Alice Weinthal ‘Otherwise’

Laurel St Gallery & Studio Space, Toowoomba (2016-2020)

I draw and paint what are largely thought to be self portraits; androgynous staring faces, characters at home in their ambiguous surrounds either confronting or completely indifferent to their audience. In recent times I have been trying to re-examine why these images come from me, and how.

Studying art through kaleidoscopic reproductions on our phones can suggest an even playing field for artists; same tools, same audience, same scoring system. Lashings of likes from ambitious players can influence and direct content and creation. I am trying to turn back the clock and turn out the lights. Making art fun again is my key ambition with this show. By attempting to exhibit process over product I hope to get comfortable as an artist and have an excellent time.

Laurie Oxenford ‘ALTER’

Laurel St Gallery & Studio Space, Toowoomba (2016-2020)

Presented by First Coat Studios, AL-TER is a collection of new sculptural forms by Australian artist, Laurie Oxenford. Her third solo exhibition for 2018, Oxenford continues her ongoing exploration of repositioning found objects and recycled industrial materials in a gallery space. AL-TER discusses the purpose of materials and objects, especially those whose sole purpose is to construct such spaces as the gallery, and how they can be contextualised as art within that same environment. In doing this she draws upon ideas and processes explored in the Minimalist, Assemblage and Arte Povera movements.  

Oxenford documents and responds to her own interactions with natural and urban landscapes and the nature of each functional object within that dialogue. By inviting functional, everyday and non-traditional art materials into an exhibition context, she challenges art making expectations and the value of material in art. By leveraging ideas that undermine expectations of what should be found in the gallery space, she is able to move materials that usually hide beneath the surface, to a place where they become static vessels for ideas.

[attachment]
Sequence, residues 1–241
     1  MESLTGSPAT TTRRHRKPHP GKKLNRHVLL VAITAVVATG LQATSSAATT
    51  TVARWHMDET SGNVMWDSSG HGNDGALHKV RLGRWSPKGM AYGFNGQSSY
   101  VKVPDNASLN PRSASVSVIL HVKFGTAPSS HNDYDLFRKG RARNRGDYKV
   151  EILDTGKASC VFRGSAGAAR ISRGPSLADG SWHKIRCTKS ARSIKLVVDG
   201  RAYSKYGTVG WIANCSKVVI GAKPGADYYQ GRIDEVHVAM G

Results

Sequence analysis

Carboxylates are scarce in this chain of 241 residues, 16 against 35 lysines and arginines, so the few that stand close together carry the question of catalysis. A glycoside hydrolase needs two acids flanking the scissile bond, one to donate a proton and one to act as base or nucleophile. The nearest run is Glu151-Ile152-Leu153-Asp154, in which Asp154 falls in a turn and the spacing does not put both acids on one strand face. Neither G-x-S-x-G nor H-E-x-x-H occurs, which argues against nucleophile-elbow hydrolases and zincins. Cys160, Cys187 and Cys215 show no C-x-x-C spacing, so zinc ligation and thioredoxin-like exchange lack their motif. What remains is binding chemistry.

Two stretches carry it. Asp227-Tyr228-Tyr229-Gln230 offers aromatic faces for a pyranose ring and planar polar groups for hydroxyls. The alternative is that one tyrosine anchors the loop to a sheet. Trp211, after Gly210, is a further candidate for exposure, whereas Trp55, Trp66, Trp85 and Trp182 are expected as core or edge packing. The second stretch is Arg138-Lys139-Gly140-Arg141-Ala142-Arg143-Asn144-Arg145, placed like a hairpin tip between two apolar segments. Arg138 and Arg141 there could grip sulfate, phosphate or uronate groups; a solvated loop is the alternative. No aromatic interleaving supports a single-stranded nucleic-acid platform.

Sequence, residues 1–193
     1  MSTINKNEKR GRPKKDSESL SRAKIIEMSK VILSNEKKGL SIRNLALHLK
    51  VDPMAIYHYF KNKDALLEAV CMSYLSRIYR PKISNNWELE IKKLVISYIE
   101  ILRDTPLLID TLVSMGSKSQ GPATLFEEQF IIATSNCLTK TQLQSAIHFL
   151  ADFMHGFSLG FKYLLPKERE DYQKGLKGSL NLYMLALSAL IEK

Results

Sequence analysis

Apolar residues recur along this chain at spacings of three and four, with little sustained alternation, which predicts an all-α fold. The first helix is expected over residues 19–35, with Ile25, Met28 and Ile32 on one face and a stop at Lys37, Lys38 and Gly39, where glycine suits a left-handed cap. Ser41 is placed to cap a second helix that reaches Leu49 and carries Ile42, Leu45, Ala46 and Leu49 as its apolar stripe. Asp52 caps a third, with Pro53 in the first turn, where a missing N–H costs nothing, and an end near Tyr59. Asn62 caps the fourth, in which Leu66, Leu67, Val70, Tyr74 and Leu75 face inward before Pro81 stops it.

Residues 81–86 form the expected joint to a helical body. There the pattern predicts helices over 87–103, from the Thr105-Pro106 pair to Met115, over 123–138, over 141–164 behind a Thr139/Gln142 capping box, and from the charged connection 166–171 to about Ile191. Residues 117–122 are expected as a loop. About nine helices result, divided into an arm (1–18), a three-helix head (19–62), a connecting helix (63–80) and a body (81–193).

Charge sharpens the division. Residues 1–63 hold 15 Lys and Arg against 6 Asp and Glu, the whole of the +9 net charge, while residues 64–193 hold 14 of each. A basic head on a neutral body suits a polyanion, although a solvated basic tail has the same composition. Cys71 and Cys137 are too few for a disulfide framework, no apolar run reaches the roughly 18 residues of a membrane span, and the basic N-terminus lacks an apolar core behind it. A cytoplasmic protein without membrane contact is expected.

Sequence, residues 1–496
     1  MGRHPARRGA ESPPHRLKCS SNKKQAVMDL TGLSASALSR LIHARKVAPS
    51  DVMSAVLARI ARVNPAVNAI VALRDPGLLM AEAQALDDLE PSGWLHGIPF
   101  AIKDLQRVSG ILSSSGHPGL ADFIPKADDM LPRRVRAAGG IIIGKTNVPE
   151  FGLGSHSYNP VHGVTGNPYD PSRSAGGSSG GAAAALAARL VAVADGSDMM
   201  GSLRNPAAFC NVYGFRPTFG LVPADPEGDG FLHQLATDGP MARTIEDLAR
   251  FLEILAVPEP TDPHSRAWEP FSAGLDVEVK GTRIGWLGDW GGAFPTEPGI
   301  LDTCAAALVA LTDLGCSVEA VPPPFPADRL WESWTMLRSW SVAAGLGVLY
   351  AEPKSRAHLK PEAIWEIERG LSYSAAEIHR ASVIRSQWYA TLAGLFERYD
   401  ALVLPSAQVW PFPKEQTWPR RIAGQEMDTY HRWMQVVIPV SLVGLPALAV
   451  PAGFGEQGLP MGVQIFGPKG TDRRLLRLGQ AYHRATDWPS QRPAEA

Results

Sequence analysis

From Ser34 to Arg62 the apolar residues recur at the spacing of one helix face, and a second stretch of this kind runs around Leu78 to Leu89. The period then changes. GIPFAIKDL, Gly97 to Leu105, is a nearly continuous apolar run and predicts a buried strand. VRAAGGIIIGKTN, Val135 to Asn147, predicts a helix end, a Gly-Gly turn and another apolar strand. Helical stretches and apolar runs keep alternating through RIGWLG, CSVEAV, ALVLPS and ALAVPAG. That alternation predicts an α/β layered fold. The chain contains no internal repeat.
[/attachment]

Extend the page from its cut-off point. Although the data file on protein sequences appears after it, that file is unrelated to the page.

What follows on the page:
Function and consequently un-function are explored through intuitive placement of forms. This allows the artist’s experiences and alterations made in the studio to add new meaning to objects. In this way, Oxenford draws upon the ideas attached to her materials, acknowledging how they have existed previously and the ways that they can be altered. Non-traditional installation methods serve as vehicle for the audience to participate in a reverent appreciation of ‘mundane’ materials, giving new authority to purposeful things that can no longer be used.

Jake Twigg ‘NOT EVIL ENUF’

Laurel St Gallery & Studio Space, Toowoomba (2016-2020)

‘NOT EVIL ENUF’ is the perpetual, abyssal descent into the theory of mind. Deluded by the notion of a universal consciousness that is shared by all living entities, ‘NOT EVIL ENUF’ is an attempt to explore the fundamentally darker aspects of what it means to be human. Questions without answers. Wisdom without experience. Death without Life.  

Toowoomba-based artist Jake Twigg's work places real world situations in a different skin. He draws inspiration from the history of the occult/alchemical arts and how certain icons can initiate thoughts and ideas upon the viewer. This body of work is a stroll into the realm between superstition and skepticism, from the artist’s perspective. Valuing aesthetics over underlying messages within the work itself, ‘NOT EVIL ENUF’ looks towards the world of occult figures, mainly the demon, running parallel to the moments of everyday modern life.


Laurel St Gallery & Studio Space, Toowoomba (2016-2020)